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It’s a Big World After All

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  • Steven Brakman
  • Charles van Marrewijk

Abstract

Thomas Friedman’s book the world is flat has been a bestseller since it appeared in 2005. The remarkable success of the book reflects to a certain extent the present fears with respect to increasing globalization. Using many examples, Friedman argues that distance (however defined) is no longer a dominant characteristic of the world economy, or will cease to be so in the very near future. Competition is thought to be a race to the bottom, with the lowest-wage countries as the big winners. We disagree, and with us many other economists (see, for example, Leamer, 2006). Distance dominates all aspects of international trade and many stylized facts of international trade can only be understood by pointing towards the importance of distance. Furthermore, there is little evidence of income convergence. Using various methods and data sets, we show that many threats of global competition for the position of the traditionally developed (OECD) countries are unwarranted.

Suggested Citation

  • Steven Brakman & Charles van Marrewijk, 2007. "It’s a Big World After All," CESifo Working Paper Series 1964, CESifo Group Munich.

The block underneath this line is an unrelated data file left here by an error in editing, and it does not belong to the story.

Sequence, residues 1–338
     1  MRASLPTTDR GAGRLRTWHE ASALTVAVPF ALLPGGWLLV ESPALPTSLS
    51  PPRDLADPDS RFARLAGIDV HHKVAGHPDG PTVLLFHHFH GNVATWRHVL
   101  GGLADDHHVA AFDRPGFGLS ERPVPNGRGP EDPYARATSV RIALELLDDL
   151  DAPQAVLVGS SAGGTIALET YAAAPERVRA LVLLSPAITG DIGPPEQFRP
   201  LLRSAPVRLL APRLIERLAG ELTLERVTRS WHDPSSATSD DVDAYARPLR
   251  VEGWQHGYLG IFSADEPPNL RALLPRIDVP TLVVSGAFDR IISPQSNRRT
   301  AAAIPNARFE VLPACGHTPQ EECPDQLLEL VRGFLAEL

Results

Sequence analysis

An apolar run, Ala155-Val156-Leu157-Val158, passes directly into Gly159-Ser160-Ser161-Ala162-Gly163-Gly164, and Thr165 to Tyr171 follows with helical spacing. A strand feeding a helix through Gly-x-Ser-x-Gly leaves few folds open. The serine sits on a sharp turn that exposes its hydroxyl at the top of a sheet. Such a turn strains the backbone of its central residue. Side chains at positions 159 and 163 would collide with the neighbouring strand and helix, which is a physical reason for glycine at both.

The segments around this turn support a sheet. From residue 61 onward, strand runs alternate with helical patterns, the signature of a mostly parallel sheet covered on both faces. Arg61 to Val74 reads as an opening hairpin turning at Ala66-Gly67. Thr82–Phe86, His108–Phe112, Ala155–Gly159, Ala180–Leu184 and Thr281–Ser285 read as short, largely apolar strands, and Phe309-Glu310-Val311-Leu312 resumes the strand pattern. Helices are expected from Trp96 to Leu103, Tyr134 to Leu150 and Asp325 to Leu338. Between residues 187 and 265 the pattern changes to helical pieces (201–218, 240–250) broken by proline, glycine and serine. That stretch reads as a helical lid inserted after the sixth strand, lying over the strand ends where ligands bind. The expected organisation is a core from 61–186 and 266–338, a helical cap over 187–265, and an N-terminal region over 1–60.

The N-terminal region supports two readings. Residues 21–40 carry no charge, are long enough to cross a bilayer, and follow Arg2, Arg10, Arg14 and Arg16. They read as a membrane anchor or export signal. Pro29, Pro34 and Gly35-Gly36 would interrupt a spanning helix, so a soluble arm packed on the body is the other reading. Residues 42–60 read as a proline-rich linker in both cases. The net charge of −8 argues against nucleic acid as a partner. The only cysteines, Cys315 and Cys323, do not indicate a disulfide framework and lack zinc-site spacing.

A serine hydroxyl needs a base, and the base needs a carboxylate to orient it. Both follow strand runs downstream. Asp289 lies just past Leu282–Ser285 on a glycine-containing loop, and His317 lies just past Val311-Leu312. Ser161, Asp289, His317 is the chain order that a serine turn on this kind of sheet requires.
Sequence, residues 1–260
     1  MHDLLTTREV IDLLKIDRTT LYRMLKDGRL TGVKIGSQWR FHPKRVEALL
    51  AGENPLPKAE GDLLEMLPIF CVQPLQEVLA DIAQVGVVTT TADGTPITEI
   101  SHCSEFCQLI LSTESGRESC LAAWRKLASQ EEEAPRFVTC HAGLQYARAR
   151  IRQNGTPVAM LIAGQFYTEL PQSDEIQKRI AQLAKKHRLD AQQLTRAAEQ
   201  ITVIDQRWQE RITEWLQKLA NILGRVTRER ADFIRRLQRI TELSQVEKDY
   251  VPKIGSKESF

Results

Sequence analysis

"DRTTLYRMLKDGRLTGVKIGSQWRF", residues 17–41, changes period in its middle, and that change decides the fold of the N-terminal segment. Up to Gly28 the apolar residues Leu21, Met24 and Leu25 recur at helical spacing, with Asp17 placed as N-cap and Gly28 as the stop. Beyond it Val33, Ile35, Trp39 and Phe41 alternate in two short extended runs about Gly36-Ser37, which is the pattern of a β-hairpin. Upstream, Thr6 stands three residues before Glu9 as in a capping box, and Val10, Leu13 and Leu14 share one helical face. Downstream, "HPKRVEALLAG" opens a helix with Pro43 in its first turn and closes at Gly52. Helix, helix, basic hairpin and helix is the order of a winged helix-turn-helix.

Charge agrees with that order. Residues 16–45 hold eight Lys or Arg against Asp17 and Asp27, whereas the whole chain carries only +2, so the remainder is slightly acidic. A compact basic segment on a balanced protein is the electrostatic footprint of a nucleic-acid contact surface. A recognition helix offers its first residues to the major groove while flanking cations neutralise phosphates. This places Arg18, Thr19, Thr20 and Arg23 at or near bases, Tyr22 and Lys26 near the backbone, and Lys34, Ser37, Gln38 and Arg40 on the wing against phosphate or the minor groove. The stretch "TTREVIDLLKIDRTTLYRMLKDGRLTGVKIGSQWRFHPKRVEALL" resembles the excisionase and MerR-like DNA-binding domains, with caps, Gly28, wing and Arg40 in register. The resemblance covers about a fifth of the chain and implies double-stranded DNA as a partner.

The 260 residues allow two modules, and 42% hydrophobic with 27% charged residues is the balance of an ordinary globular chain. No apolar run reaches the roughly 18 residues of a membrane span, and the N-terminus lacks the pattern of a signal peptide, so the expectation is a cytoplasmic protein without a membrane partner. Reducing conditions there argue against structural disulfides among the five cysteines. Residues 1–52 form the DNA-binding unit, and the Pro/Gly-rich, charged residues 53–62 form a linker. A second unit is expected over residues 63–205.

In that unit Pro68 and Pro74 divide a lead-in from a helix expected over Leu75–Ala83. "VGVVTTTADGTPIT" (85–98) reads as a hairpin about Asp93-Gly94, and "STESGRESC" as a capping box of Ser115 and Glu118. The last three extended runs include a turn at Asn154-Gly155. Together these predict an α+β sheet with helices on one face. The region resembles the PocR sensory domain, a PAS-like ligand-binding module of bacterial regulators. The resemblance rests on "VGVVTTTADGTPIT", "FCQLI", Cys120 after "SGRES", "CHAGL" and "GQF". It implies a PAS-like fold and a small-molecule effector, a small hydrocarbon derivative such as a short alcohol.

• Handle: RePEc:ces:ceswps:_1964
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    File URL: http://www.cesifo-group.de/DocDL/cesifo1_wp1964.pdf
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    References listed on IDEAS

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    1. Branko Milanovic, 2006. "Global Income Inequality," World Economics, World Economics, 1 Ivory Square, Plantation Wharf, London, United Kingdom, SW11 3UE, vol. 7(1), pages 131-157, January.
    2. Edward E. Leamer, 2007. "A Flat World, a Level Playing Field, a Small World After All, or None of the Above? A Review of Thomas L Friedman's The World is Flat," Journal of Economic Literature, American Economic Association, vol. 45(1), pages 83-126, March.
    3. Robert C. Feenstra, 1998. "Integration of Trade and Disintegration of Production in the Global Economy," Journal of Economic Perspectives, American Economic Association, vol. 12(4), pages 31-50, Fall.
    4. M. G. Quibria, 2005. "Measuring Global Poverty Right," World Economics, World Economics, 1 Ivory Square, Plantation Wharf, London, United Kingdom, SW11 3UE, vol. 6(4), pages 111-121, October.
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    Cited by:

    1. Amegashie, J. Atsu & Ouattara, Bazoumanna & Strobl, Eric, 2007. "Moral Hazard and the Composition of Transfers: Theory with an Application to Foreign Aid," MPRA Paper 3158, University Library of Munich, Germany, revised 06 May 2007.

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    Keywords

    income levels; convergence; trade; distance; leapfrogging;

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